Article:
16 March 2008

Reflection: Type unraveled

The Type class in .NET is not the easiest to understand, I believe because of the many different "kinds of types" that are modeled by it: generic types, generic type parameters, reference types, pointer types, array types, etc. Furthermore, sometimes you have one kind of type (e.g. a generic type) and want to make another kind (i.e. "instantiate" a generic parameter with another type). The Type class offers all the necessary methods to do the feasible conversions; however it is not always easy to find. The following graph should help.

The boxes show the different kinds of types that exist. An example of Type1<> is typeof(IList<>); Type1<Type2> is typeof(IList<string>) and so on. The arrows denote how you can obtain one kind of type from the other. For example, if you have a generic type definition (e.g. typeof(IList<>)) you can make this into an instantiatable type (typeof(IList<string>))by calling typeof(IList<>).MakeGenericType(typeof(string)). With "#Type2" I mean a subtype of Type2.

Hope this helps someone.

PS the graph was laid out by Graphviz's dot layout. It was rendered using a self-made WPF control. More on that later.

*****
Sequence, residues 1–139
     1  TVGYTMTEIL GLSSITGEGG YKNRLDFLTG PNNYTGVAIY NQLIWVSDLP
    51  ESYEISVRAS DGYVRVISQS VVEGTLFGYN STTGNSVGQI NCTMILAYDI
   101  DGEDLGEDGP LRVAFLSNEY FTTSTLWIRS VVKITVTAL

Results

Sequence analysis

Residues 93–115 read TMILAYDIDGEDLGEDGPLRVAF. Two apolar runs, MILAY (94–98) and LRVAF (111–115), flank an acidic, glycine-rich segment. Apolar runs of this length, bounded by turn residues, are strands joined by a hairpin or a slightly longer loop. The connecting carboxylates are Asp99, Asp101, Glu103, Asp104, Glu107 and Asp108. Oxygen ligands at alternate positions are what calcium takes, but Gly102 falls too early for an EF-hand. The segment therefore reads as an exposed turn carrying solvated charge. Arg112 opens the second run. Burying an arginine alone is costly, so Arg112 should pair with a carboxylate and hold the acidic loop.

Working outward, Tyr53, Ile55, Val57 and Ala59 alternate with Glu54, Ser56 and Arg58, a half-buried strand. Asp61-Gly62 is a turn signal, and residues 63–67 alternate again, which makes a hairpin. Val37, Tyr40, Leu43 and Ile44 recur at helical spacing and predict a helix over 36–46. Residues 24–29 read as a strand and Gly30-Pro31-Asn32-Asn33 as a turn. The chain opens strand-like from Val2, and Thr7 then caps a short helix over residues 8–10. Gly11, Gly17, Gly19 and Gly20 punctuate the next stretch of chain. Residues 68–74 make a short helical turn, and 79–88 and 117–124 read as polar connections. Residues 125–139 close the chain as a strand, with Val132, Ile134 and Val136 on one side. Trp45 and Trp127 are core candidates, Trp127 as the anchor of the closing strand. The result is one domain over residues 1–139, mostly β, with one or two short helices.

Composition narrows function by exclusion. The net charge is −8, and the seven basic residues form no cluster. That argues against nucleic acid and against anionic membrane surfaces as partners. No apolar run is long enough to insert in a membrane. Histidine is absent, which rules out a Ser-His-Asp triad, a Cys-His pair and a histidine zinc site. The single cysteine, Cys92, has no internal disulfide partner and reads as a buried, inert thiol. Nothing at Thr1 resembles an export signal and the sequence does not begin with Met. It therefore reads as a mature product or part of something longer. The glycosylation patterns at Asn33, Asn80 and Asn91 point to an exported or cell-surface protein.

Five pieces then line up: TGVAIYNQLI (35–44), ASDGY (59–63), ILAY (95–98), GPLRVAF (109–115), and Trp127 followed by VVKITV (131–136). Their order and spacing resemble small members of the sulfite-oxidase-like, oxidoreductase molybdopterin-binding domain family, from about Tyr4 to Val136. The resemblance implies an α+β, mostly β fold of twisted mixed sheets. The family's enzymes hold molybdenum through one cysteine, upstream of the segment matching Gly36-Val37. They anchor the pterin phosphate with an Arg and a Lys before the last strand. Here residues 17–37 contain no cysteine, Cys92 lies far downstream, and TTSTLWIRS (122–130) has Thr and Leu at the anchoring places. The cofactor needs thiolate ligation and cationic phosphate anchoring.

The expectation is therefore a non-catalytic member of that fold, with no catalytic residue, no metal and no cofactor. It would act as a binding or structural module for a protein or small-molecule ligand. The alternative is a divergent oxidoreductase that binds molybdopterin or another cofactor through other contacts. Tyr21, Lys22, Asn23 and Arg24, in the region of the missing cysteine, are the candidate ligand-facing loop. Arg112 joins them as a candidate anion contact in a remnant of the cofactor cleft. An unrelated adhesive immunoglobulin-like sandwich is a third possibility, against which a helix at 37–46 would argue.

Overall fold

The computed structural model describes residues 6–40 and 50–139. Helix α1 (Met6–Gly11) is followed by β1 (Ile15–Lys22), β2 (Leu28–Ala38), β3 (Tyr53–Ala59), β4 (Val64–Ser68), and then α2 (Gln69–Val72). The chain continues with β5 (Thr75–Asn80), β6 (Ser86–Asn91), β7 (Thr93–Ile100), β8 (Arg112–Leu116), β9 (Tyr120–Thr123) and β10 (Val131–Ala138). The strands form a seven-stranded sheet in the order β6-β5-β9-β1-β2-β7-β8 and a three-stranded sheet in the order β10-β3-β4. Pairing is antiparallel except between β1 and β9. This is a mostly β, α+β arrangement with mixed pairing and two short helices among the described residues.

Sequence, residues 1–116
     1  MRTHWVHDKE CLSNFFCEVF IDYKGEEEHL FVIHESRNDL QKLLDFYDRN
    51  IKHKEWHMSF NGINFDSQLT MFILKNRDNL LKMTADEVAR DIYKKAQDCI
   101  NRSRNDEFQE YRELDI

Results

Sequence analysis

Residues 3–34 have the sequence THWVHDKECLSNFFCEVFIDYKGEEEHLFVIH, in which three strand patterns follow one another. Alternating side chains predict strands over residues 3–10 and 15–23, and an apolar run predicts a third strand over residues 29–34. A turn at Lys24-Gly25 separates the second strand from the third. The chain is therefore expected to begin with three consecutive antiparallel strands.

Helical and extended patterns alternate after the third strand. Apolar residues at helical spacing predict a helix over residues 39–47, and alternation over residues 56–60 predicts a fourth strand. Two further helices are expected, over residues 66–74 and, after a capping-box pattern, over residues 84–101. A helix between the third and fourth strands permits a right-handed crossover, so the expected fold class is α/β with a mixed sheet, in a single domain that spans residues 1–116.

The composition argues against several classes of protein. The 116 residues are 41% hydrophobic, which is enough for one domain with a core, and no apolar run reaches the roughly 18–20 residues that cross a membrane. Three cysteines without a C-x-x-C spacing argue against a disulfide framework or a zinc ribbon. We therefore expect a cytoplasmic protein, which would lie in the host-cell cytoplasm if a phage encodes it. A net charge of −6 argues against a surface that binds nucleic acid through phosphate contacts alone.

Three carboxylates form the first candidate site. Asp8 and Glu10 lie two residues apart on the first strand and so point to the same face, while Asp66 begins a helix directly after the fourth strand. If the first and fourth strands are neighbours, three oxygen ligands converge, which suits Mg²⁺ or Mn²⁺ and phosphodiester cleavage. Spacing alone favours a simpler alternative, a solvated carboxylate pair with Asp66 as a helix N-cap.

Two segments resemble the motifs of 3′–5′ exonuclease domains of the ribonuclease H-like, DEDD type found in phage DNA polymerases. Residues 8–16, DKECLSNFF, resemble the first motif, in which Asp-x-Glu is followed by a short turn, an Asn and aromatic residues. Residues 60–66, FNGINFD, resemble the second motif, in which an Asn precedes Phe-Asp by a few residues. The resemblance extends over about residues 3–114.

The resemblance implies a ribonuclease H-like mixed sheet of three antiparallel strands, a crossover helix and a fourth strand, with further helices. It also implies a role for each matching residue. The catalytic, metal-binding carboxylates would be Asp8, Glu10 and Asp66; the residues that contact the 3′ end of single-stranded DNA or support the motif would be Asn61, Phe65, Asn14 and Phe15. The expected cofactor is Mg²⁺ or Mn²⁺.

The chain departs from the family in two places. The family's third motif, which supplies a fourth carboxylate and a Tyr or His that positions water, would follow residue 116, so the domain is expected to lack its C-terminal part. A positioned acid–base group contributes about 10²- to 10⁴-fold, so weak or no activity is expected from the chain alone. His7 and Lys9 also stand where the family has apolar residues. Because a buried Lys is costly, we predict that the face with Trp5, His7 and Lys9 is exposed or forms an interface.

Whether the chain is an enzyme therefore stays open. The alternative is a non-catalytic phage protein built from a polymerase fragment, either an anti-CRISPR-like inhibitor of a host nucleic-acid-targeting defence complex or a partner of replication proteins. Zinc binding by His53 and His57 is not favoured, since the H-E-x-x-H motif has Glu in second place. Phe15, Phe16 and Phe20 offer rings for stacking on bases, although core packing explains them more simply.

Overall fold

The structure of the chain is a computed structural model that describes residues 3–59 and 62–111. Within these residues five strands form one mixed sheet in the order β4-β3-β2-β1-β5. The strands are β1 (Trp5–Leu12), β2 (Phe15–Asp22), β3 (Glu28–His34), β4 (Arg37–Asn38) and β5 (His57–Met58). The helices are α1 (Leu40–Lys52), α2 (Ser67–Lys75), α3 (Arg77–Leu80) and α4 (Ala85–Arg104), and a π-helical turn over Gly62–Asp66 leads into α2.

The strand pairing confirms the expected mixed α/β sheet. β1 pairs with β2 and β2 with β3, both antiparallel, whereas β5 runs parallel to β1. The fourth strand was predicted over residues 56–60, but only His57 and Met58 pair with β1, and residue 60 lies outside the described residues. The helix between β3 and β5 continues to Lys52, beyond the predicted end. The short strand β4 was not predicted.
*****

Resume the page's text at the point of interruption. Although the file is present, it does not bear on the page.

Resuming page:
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15 March 2008

A graph control for WPF

Recently, I decided to write a WPF control that can display graphs (I mean, the kind with edges and nodes; not charts). This post describes the beginning of that little project. It does not contain many technical details, just a few hints and pointers for anyone who would like to start a similar project.

I have the time nor the inclination to write a graph layout algorithm myself. Graph algorithms are complex and fairly specific, and I couldn't really find a good overview of the algorithms involved on the net. I found many references to papers, but it seems some papers are hard to get if you don't have a subscription to the ACM portal. (When I was still a PhD candidate this stuff was much easier). So much for free science.

Maybe I can reuse a graph layout algorithm from some existing Winforms control? After some searching, it seems that .NET lacks a free graph layout control. A good graph algorithm library is QuickGraph , but as far as I can see it does not offer any algorithm for layout. Another library is GLEE from Microsoft, but that's is not available for commercial usage (something I'd like for later when my imaginary startup will take over the world).

Outside the .NET world then? After all, .NET has excellent interoperability.
Graphviz by AT&T is an excellent graph layout utility. Not only can it do beautiful hierarchical graphs (like GLEE does) it can also do spring layout and radial graphs, is fast and is highly configurable. Graphviz reads graphs in a proprietary format, called dot. It then layouts the graph, and can export to a variety of formats, of which attributed dot is one. Attributed dot is basically the same as the dot input file, but attributed with node, edge and label positions, as well as other layout info.